By Maria Evans
In the Magazine this month, we’re looking at the experience of God in and through nature. In this piece, Maria Evans reflects on how breaking out of our hermetically sealed, climate-controlled lives now and again is good for the soul.
Glorify the Lord, you angels and all powers of the Lord, *
O heavens and all waters above the heavens.
Sun and moon and stars of the sky, glorify the Lord, *
praise him and highly exalt him for ever.
–from Canticle 12, “A song of creation,” Book of Common Prayer, page 88.
Recently, I discovered some fascinating statistics about how little of our lives we spend outside, and how insulated we are from creation. Americans spend 87% of their time indoors, and a 2011 poll in the UK revealed that the average citizen of the UK spends approximately 17 minutes a day outdoors. Ostensibly, this is because of air pollution. Yet at the same time, the evidence is mounting that our buildings are making us sick, with allergies and asthma on the rise. It’s possible that 80% of the people in the world have never truly seen the Milky Way.
The reality is that we live in a hermetically sealed life, and were it not for camping, or camping-like activity, we would seldom challenge that life.
We work in hermetically sealed offices that are not even designed for it to be possible for air to flow through the building if we broke every window in the place. (Have you ever wondered why old hospitals were built in crucifix, menorah, and stacks of Legos shapes? It was so air could efficiently cool the buildings in the pre-A/C, not as cued in to nosocomial infections world.) We go home to hermetically sealed temperature controlled homes and start to think anything warmer than 72 degrees or cooler than 68 degrees is intolerable. We take multiple showers a day in the summer when two generations ago, we were just getting out of the “you only bathe on Saturday; you wash with a rag the rest of the week” norm.
In our hermetically sealed lives, we lose the ability to hear the subtle joys of the world around us; camping jars us back to a strange clarity of the intersection of humans and creation. That horrible noise outside the tent? Just the raccoons licking the grease in the empty tuna fish can. Was that a woman screaming? No, only a screech owl–and not to be confused with the barred owl, who calls out, “Who cooks for YOU? Who-who? Who cooks for YOU?”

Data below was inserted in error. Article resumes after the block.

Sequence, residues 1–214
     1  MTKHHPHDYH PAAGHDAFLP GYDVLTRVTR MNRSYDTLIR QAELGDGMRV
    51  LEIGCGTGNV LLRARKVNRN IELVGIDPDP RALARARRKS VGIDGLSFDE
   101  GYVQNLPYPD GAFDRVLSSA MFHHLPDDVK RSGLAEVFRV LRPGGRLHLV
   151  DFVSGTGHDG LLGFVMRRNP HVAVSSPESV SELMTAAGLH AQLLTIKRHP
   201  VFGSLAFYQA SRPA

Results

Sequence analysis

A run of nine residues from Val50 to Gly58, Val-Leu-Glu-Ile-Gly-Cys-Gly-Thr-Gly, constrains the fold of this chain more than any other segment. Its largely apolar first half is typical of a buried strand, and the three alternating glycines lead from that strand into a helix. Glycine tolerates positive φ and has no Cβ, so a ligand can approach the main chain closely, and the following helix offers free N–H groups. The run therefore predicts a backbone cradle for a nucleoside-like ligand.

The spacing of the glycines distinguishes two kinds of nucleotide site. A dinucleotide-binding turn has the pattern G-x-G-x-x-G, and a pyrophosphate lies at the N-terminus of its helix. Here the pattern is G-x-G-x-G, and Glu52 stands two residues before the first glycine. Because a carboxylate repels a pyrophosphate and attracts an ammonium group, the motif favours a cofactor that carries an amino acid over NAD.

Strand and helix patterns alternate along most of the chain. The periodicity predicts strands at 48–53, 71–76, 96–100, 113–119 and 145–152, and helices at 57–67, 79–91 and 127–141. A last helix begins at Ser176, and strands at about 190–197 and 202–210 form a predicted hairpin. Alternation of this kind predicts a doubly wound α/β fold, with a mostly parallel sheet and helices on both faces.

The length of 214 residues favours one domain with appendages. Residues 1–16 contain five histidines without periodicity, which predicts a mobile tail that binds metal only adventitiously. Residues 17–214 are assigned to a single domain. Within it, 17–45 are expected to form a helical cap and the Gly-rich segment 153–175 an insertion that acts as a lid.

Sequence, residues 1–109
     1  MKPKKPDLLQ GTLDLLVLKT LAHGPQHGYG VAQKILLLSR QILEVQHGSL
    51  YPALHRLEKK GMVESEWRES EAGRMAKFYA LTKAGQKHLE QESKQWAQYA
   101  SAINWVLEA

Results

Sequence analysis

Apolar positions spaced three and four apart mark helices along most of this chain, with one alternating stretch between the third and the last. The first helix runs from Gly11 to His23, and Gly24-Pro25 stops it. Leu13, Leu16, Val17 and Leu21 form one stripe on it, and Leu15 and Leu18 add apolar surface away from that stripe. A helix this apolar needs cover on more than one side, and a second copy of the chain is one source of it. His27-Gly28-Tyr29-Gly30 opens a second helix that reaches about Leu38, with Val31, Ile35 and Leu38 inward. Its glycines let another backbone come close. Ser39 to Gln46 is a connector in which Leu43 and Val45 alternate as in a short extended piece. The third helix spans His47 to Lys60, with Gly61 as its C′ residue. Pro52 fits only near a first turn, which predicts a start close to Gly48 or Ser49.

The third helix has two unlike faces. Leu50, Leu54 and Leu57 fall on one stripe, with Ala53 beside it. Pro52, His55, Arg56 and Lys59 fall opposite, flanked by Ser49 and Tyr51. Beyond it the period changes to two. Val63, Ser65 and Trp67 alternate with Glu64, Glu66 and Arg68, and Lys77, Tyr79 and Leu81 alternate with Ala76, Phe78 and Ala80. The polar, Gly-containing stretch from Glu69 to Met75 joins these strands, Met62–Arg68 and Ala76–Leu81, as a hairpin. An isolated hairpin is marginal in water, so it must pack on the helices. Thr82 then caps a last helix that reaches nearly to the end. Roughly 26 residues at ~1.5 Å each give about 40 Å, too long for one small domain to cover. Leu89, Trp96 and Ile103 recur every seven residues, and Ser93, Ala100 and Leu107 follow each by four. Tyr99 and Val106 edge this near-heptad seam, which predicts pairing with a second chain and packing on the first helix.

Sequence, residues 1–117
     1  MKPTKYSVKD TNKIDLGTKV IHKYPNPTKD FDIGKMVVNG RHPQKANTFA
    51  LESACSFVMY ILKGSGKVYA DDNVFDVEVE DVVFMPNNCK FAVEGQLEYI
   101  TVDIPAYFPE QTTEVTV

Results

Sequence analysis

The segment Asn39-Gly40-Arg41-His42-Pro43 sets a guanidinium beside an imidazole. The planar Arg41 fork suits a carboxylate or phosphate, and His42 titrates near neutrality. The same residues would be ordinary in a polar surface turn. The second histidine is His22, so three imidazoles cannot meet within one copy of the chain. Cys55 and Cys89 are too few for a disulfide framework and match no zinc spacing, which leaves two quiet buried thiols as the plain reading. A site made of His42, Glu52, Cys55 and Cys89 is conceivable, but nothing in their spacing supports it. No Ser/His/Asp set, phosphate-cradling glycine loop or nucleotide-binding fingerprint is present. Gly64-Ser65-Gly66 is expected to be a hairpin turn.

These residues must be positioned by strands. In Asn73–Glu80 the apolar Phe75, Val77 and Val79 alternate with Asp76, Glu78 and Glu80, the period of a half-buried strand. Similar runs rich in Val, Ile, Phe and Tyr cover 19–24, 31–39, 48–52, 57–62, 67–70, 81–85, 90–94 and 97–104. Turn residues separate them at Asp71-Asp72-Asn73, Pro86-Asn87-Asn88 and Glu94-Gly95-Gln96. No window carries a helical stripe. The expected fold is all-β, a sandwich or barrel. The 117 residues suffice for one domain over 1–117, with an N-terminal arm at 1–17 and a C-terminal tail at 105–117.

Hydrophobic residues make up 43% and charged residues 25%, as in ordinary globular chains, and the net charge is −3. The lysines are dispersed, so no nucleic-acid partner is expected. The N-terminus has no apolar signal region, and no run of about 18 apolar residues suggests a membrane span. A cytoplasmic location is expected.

Camping reminds us there are many smells out there we take for granted or have forgotten about entirely. (Has coffee or bacon ever smelled better inside a house? No way!) It pushes us to have a tolerance for our own human smell, and reminds us there’s an odd passion attached to a sweaty person we love, just like those of us predisposed to equines become addicted to the smell of horse sweat.
Camping might be the gold standard for enjoying God’s creation, but even camping-like activity has its perks–walks in the park, puttering in the flower bed or garden, or simply sleeping out on one’s own deck under the stars has benefits. Yes, there are mosquitos (in my case, after all, it IS Missouri.) Yes, there are ticks. (I’ve always wished someone would invent Frontline for people.) Yes, I’ve been rained on, while sleeping out on my deck. Yes, sometimes it is too freakin’ muggy outside (see earlier aside about Missouri.) But there’s something indescribably delicious about being out for the night, more exposed than one would be even out camping in a tent, while at the same time having the option of only being a few steps away from shelter if the elements turn dicey. It gives a person a chance to feel enveloped by the heavens, with night sky every direction one looks. Had I never spent a few nights out on the deck, I would never have appreciated the deafening cacophony of birds that start up in the trees near the house–inside the house, they’re only muffled chirps and cheeps. Would we be more committed to the difficult work of using less and sparing the Earth more when we see just how magnificent 150 squawking birds can be, in the tree right next to us?
Also, sleeping outside now and then brings a new dimension to understanding the people we’re called to help and serve in our Baptismal Covenant. Granted, it’s not fun to wake up 2 a.m. cold and shivering on a camping trip or an overnighter in the yard, or to have not even a dry sock after the wind blows down the tent in a storm–but it’s also a stark reminder that for some people, this happens all the time because they are sleeping on the street. Smelling a little sweaty and funky and not rushing to the shower can bring us to insights about those who have little access to water clean enough to bathe in, let alone drink. These are understandings we don’t appreciate in our hermetically sealed world.
Finally, camping and other outdoor pursuits shatter our illusions of control. In our hermetically sealed lives, we get immediate relief by changing the thermostat, jumping in the shower, or muting the TV. When one has sat inside a tent for three solid days of rain, playing Euchre with soggy cards, the idea that we can control anything is laughable.
What might you discover about God’s love for you, creation, and the human family if you pop the blister pack on this hermetically sealed life we lead, and venture out for more than 17 minutes a day? If you are a person who beats that average, what insights have you discovered from simply being outside in the created world for extended periods of time?
Maria L. Evans is a surgical pathologist in Kirksville, Missouri, a grateful member of Trinity Episcopal Church, and a postulant to the priesthood in the Episcopal Diocese of Missouri. She occasionally finds a moment to write on her blog, Kirkepiscatoid.